BELLA BELLA, B.C. – Officials say booms containing a fuel spill from a sunken tug off British Columbia’s central coast have been replaced, but clean up crews continue to face harsh weather as they attempt to work in the area.
The tug had 220,000 litres of fuel on board; less than half has been recovered. Photo: @cbcerchris.
A report on the downed Nathan E. Stewart says crews worked Saturday to replace sections of boom that broke apart amid three-metre-high waves and gale force winds on Friday.
It remains unclear how much fuel spilled into the ocean as a result, but the tug had 220,000 litres on board when it ran aground and sank about 20 kilometres west of Bella Bella on Oct. 13, and less than half that amount has been recovered.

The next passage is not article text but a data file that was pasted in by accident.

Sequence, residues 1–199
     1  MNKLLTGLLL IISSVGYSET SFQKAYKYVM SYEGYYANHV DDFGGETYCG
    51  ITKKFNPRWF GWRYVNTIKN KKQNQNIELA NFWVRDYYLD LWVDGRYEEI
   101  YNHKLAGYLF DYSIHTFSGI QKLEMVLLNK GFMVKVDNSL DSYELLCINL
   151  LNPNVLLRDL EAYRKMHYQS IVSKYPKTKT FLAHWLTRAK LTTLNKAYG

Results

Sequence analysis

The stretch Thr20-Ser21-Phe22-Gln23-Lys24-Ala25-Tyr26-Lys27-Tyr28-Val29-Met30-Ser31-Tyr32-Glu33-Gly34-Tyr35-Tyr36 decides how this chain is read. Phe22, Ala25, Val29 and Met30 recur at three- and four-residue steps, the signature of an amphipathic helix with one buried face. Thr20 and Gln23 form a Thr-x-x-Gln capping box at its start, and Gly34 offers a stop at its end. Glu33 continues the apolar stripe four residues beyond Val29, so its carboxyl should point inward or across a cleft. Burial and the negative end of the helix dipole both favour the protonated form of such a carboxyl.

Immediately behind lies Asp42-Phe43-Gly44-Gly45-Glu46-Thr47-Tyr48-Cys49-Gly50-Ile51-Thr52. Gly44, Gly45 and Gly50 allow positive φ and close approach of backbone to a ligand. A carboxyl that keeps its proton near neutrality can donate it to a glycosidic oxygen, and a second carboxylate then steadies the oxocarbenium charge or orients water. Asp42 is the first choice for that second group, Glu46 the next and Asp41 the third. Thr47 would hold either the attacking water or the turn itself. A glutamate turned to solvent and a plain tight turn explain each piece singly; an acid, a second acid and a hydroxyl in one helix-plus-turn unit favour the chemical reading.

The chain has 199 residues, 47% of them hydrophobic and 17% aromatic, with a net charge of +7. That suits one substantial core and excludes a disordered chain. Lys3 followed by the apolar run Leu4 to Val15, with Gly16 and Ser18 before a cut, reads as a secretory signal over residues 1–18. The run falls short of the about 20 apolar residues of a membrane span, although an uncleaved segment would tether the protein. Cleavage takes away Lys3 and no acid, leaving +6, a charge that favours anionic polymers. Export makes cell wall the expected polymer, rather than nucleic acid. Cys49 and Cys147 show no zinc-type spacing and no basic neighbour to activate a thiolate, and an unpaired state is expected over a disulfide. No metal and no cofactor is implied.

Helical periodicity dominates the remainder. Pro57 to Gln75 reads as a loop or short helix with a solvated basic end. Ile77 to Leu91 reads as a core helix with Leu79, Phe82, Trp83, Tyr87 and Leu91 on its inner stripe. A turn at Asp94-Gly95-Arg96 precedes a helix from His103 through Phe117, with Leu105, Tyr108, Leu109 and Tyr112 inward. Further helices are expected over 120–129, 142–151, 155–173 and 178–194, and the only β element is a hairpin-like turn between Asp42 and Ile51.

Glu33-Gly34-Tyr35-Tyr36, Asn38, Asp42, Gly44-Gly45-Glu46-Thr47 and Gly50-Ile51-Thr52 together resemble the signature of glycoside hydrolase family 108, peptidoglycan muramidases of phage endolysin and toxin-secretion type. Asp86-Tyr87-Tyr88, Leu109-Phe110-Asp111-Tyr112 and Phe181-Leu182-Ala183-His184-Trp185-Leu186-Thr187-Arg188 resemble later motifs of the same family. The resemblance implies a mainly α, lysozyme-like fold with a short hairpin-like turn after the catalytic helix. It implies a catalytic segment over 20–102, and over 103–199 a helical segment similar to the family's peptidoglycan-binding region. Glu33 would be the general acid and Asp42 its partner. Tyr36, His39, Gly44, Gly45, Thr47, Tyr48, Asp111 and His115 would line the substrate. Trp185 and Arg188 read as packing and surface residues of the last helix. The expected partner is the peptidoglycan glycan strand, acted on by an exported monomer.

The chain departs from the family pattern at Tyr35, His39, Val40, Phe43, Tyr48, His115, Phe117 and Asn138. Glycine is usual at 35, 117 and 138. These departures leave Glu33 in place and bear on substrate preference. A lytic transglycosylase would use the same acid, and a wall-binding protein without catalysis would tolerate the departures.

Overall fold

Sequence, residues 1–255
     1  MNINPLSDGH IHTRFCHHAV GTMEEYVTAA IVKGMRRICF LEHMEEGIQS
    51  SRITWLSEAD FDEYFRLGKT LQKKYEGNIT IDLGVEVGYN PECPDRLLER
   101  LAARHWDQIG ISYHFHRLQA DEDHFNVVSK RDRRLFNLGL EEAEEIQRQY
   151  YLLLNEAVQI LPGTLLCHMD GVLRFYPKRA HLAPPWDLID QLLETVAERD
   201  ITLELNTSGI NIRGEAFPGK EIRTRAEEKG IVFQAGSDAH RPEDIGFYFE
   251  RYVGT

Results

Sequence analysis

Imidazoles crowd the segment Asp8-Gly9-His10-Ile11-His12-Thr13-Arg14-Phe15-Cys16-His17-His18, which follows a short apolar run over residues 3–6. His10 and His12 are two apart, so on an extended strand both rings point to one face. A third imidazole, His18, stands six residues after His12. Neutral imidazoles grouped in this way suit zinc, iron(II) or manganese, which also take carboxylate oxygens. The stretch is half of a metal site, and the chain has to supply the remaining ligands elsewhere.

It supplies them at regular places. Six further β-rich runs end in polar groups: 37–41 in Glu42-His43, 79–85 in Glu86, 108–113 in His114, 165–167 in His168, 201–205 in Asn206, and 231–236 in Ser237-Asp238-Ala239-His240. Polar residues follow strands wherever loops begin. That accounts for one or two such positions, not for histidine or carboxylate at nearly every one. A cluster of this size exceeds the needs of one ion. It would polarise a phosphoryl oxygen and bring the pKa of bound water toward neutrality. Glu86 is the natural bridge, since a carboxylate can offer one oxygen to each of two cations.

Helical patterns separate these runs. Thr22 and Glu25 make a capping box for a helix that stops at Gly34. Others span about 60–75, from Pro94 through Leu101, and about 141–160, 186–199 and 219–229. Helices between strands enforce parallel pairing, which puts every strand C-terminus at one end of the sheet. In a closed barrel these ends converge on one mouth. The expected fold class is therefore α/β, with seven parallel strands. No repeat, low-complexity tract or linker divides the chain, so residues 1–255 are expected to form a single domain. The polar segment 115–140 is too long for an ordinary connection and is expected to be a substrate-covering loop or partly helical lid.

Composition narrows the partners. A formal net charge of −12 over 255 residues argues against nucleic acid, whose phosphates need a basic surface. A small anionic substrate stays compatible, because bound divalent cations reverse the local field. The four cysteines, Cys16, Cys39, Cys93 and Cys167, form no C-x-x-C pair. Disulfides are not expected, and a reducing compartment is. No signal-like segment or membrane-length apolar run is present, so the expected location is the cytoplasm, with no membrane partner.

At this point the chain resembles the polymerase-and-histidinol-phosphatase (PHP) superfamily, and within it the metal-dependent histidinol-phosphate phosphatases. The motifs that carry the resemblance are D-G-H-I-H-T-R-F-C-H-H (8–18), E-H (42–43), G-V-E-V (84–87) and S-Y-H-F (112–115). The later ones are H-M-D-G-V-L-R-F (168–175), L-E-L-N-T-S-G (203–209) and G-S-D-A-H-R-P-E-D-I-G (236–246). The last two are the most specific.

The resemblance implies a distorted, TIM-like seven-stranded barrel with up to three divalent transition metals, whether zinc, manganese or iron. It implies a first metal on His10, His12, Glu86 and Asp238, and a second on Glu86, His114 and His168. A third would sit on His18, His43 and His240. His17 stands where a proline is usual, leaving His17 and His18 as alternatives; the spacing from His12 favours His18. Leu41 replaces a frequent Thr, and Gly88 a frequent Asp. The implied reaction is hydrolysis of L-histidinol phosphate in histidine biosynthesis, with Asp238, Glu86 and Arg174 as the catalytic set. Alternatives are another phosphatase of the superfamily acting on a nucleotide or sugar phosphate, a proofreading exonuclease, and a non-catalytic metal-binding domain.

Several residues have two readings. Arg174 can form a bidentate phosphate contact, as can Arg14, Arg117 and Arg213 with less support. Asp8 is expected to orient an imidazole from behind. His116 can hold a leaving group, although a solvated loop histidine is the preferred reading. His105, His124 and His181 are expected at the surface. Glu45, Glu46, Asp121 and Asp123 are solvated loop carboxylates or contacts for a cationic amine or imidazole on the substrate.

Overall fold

Marilyn Slett, chief of the Heiltsuk First Nation, has said her community is in a state of shock over the incident and questions why more seaworthy booms weren’t installed after the tug boat initially sank.
The latest situation report says crews are expected to skim the water’s surface to collect fuel on Sunday, and they also plan to install another boom around the spill.
Environment Canada says a storm warning remains in effect for the area, with warnings of gale force winds, which have forced workers to stand down in recent days.